Bryn Mawr's Colleen Mallon was making a drive to the basket in a game last January when three Maryvale defenders moved to stop her.
"I saw them coming, but one crashed into the upper part of my leg and I went down," said Mallon. "I knew it was serious immediately."
The excruciating pain made it obvious, but the rest of the basketball season was of little concern.
"I wondered right away if I would be able to play lacrosse," she said following Bryn Mawr's 11-6 victory over Maryvale in lacrosse on Tuesday.
Mallon was there, but not on the field. She has been serving as offensive assistant to coach Pat Becker this season.
A four-inch scar on the lateral side of her right knee, a smaller scar just below her kneecap and a slight limp are the only visible clues to the damage doctors had to repair.
Mallon tore the anterior cruciate ligament. It's the same injury that makes professional basketball players cringe. Just ask Bernard King of the Bullets, Johnny Dawkins of the 76ers and Danny Manning of the L.A. Clippers. All are members of the ACL club, explored by Rick Mehak in the April 29 issue of Sports Illustrated.
This injury does not result from years of getting banged around. It happens in an instant. Mallon had it repaired in what has become the traditional method: A portion of her patellar tendon was removed, then was attached with screws to her leg bones.
"After six to nine months of rehabilitation, I should be fine," said Mallon, who spends an hour or so every day at practice, working with her teammates on shooting accuracy. Three days a week, she then takes off for her own therapy at the Union Memorial Sports Medicine Clinic.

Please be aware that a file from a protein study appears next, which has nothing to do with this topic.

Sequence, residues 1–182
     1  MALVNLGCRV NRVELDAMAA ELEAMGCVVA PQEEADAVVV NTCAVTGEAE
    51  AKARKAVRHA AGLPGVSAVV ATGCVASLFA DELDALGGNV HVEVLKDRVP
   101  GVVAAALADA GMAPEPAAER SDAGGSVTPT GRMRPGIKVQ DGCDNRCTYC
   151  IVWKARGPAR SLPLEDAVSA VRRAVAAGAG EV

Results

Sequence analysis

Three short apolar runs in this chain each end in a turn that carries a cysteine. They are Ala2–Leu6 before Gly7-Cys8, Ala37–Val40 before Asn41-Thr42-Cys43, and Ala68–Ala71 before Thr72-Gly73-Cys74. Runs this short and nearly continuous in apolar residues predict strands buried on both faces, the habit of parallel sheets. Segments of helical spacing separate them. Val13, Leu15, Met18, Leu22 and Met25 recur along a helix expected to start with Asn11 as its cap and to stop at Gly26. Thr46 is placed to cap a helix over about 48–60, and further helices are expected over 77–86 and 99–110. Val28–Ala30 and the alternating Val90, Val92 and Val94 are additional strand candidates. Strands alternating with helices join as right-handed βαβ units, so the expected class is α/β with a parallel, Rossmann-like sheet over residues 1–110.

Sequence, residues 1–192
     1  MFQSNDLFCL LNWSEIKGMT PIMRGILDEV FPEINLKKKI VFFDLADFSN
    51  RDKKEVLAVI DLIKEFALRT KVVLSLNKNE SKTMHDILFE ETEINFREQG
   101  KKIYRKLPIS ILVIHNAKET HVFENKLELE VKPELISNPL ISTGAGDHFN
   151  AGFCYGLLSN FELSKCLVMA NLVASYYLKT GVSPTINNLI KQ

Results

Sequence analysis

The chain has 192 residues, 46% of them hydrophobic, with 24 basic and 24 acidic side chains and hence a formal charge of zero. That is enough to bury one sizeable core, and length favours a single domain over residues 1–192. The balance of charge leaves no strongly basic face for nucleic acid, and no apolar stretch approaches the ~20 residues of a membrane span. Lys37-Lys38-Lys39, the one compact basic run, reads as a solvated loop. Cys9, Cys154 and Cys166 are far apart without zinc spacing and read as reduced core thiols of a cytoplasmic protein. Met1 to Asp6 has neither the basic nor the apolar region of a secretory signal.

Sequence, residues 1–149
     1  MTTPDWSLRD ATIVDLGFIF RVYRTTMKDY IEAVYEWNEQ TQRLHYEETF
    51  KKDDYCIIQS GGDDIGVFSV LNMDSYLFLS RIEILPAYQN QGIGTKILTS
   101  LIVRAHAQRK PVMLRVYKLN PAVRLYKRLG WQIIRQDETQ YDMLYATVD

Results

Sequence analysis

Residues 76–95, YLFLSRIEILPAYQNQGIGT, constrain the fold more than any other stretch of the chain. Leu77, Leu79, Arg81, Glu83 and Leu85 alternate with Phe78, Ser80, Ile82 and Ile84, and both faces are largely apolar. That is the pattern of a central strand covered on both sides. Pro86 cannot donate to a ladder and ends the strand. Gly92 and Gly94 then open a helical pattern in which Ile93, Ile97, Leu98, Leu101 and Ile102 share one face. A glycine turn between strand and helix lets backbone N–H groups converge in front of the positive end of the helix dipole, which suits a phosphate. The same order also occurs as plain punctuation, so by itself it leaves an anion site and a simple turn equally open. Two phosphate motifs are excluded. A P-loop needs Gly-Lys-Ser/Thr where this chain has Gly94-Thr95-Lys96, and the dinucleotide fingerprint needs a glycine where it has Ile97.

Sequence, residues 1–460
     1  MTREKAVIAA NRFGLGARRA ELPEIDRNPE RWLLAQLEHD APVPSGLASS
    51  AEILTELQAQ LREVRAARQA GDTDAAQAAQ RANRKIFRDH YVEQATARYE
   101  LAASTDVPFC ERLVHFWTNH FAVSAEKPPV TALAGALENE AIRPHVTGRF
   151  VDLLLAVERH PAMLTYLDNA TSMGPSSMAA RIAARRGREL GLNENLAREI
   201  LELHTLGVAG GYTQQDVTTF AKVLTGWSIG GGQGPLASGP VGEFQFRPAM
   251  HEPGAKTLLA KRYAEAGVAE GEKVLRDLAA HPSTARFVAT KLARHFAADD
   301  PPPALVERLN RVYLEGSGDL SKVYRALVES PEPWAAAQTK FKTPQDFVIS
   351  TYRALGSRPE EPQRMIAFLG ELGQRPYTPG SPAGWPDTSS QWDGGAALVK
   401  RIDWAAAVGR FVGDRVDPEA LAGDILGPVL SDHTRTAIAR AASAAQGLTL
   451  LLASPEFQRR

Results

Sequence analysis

"I think Colleen's coaching efforts have helped," said Becker. "We tied the first game of the season and lost the second. We have come a long way to be 12-1-1."
Curiously, Tuesday's 11 goals only matched Mallon's single-game high of last season, when she was among the top four scorers in the area with 118 points. But, in truth, this spring's scoring average has been on a par without Mallon's on-field support.
The slack has been picked up by the likes of Jenny German, Julia Chu, Mimi Vishio, Kimberly McCleary and Zan Stuehlar.
"We're not as good without Colleen," said Becker, "but we have gotten much better since the first two games."
Obviously, the Mawrtians needed a brief time to adjust to Mallon's absence, just as she has needed time to adjust to watching this season go by.
"It's satisfying to help coach, but it's not the same as playing," said Mallon, who this week made a commitment to attend Yale next fall.
Sometime around July, she hopes to get the OK to begin jogging, and to begin picking up a stick in earnest. But it may take longer for her to put the injury behind her.
"At first, everyone seemed to just stare at my brace," said Mallon. "Now that I don't have to wear it, it feels like they are staring at my scars. I don't enjoy my therapy sessions, because there are too many mirrors. I don't even like to look at my knee."
In time, those scars will fade and so will Mallon's memory of this lost season. But, for now, she must be content with rooting for her teammates, who enter the Association of Independent Schools tournament on Monday.
"I believe we probably will draw a first-round bye for the tournament," said Becker.
That, in itself, is a tribute to Becker and her team's talent and dedication. How many teams survive the loss of their top scorer without a significant decline?
"It was just a matter of their believing in themselves," said Becker, who got an approving nod from her assistant coach.